Select from at least two food groups to increase nutrients and keep you feeling full longer. Dr. Joshipura does this with two of his favorite snacks. “I like hummus—a Middle-Eastern dish made from cooked, mashed chickpeas blended with tahini, olive oil, lemon juice, salt and garlic,” he admits. “It’s high in protein, fiber, and has a good amount of unsaturated fat. I don’t always make my own, so when I buy it I read the nutritional label to make sure it’s not super high in saturated fat, cholesterol or sodium. Eat hummus with whole grain crackers, or even better, with carrots, celery or broccoli that are higher in vitamins, minerals and protein.”

Dr. Joshipura also likes to make mung bean salad. “It’s perfect when you’re tempted to snack on junk food.” Try his easy recipe:

In a bowl, combine:
– 1 cup whole sprouted mung beans (find them at Whole Foods and Trader Joe’s)
– ½ cup roasted peanuts, almonds or walnuts
– Dash of lime, salt and pepper
– Mix together
– Enjoy!

Eat fruits and vegetables.
They are full of vitamins, minerals, fiber and other nutrients, yet low in fat and calories.

Don’t forget nuts and seeds.
Although high in calories, nuts and seeds provide protein and healthy fat to keep you feeling full. Just eat them in moderation.

Choose whole grains.
Stick to whole grain versions of crackers, breads and pretzels (not the processed kind) to help keep energy levels up. Look for at least four grams of fiber per serving.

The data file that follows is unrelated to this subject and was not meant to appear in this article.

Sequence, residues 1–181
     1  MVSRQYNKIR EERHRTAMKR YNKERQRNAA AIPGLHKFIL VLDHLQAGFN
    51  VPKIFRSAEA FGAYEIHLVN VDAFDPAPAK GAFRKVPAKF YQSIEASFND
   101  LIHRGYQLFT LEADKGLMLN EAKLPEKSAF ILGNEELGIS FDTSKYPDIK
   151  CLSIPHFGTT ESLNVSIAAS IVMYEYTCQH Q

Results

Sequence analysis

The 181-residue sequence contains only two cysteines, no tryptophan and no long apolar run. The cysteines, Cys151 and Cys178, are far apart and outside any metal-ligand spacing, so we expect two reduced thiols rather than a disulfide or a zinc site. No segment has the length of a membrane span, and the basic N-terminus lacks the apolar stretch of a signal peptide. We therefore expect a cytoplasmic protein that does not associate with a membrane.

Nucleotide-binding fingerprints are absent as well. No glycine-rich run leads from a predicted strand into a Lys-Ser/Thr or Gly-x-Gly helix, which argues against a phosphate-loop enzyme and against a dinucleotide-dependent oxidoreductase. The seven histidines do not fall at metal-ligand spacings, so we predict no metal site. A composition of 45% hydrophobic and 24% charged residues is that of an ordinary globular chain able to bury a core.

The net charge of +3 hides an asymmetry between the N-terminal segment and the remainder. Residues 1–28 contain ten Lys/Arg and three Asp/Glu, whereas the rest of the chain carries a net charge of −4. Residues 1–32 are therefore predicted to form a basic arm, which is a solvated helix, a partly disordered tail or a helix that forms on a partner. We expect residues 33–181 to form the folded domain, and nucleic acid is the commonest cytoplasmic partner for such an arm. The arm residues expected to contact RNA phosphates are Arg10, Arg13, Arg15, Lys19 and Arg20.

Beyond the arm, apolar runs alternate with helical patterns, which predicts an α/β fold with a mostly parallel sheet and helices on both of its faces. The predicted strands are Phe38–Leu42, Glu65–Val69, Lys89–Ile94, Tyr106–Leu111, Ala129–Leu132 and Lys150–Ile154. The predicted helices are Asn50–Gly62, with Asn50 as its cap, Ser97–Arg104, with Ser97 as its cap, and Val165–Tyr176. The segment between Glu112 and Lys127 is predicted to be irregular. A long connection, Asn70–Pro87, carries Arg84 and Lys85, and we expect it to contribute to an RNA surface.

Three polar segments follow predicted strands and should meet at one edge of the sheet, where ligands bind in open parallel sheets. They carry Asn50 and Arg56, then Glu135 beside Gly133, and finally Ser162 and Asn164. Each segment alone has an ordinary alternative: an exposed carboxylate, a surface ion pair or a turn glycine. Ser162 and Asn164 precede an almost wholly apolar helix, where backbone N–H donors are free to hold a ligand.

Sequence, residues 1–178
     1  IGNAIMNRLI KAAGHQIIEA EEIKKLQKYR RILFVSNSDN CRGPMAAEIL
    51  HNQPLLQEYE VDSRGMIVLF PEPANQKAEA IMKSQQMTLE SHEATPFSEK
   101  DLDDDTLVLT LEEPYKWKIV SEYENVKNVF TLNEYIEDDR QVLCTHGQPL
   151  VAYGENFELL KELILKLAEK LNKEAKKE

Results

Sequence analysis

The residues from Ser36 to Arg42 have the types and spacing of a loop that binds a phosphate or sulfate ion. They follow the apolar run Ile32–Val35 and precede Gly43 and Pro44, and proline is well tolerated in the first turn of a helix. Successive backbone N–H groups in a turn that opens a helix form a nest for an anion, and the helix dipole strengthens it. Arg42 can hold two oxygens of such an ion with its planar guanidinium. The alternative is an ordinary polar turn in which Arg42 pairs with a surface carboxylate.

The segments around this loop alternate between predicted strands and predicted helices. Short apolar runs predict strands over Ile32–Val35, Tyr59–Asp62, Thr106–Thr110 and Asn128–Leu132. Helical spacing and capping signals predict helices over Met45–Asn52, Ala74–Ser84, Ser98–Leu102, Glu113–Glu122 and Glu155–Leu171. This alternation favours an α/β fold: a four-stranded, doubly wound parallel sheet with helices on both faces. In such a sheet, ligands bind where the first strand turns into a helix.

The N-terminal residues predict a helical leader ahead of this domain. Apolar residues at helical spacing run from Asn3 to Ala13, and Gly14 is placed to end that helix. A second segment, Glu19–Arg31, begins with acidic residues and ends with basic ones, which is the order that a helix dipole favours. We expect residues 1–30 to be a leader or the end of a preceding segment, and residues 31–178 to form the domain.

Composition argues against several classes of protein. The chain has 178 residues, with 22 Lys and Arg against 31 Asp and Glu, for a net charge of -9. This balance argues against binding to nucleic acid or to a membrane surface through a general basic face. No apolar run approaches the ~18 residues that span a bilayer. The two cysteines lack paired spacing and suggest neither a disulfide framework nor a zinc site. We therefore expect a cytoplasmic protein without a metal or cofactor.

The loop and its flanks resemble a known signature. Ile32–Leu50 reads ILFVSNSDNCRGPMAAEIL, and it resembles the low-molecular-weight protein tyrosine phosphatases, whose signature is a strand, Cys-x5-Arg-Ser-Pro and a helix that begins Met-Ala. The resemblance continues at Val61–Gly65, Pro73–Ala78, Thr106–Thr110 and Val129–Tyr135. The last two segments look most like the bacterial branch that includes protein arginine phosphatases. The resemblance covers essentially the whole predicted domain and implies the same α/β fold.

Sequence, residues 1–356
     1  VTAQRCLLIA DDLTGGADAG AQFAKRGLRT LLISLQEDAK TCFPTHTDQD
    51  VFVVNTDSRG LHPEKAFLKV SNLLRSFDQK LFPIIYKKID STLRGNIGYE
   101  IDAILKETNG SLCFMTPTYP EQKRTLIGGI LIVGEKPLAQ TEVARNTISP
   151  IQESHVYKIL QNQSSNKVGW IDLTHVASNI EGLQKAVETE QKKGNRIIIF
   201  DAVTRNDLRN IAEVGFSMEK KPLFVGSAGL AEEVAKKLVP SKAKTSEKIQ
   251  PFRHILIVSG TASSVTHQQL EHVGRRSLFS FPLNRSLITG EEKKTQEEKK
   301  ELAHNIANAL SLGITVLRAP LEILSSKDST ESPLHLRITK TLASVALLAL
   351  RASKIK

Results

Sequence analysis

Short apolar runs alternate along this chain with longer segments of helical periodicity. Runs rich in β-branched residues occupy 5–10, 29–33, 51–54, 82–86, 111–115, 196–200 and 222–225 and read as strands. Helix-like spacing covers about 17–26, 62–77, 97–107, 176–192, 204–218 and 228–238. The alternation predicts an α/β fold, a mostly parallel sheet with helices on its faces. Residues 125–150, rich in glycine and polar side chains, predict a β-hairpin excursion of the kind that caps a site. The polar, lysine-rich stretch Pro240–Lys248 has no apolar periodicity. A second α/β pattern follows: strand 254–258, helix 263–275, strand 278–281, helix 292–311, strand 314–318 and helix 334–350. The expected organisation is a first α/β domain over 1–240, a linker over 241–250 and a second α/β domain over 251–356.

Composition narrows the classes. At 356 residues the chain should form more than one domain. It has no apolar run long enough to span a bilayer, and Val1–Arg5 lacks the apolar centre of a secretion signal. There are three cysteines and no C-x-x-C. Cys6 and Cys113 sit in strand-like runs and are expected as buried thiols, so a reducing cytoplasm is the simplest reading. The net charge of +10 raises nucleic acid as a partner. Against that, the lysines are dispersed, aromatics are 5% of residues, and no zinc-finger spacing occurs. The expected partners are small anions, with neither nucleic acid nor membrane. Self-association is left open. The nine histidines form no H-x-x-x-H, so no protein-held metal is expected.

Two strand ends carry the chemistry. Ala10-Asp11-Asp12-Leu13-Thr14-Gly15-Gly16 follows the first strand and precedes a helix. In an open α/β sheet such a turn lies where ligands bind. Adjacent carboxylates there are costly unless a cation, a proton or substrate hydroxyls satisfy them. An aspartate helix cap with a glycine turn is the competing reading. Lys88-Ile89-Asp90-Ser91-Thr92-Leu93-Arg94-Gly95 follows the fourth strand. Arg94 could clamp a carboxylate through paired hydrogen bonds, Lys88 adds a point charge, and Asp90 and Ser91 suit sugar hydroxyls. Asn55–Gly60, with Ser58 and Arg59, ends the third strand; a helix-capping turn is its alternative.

Trim down with these fat-fighting super-duos.
Make munching count with a fat-fighting duo that pairs protein with fiber. Not only does protein boost your metabolic rate so your body burns more calories, it also lowers insulin levels—a major contributor to belly fat! Fiber slows digestion to keep you feeling full longer. Try these easy protein and fiber combos.

 1 large apple with 1 cup of low-fat milk
 1 hard-boiled egg with a half cup of grapes
 1 packet of instant unsweetened oatmeal sprinkled with cinnamon and chopped nuts
 1 cup of low-fat Greek yogurt mixed with 1 cup of your favorite berries
 1 cup of steamed in-the-pod edamame
 1 100-calorie pack of almonds and a kiwi
 1 wedge of reduced calorie cheese spread on 2 whole-grain bread crisps. Top with
sliced cucumber.

Say goodbye to soda.
Having a hard time weaning yourself from sugary soft drinks? “I like coconut water, which has a subtle sweetness,” says Dr. Joshipura. “It is relatively low in calories. Unlike the meat of the coconut, which is high in saturated fat, the water of the coconut is not. It’s actually very high in potassium and is good for you in many ways.”

If you drink flavored waters, beware. “Some of them have a ton of sugar in them,” Dr. Joshipura warns. “Others use artificial sweeteners, which mean they have fewer calories, but the jury is really still out on artificial sweeteners.” If you don’t like plain water, add slices of fresh citrus fruits or smashed raspberries, blackberries or blueberries to add flavor.”

Mohit Joshipura, MD is board certified by the American Board of Internal Medicine. He earned his medical degree from Texas Tech University Health Sciences Center and completed an internship and residency at the University of Texas Southwestern Medical Center in Dallas.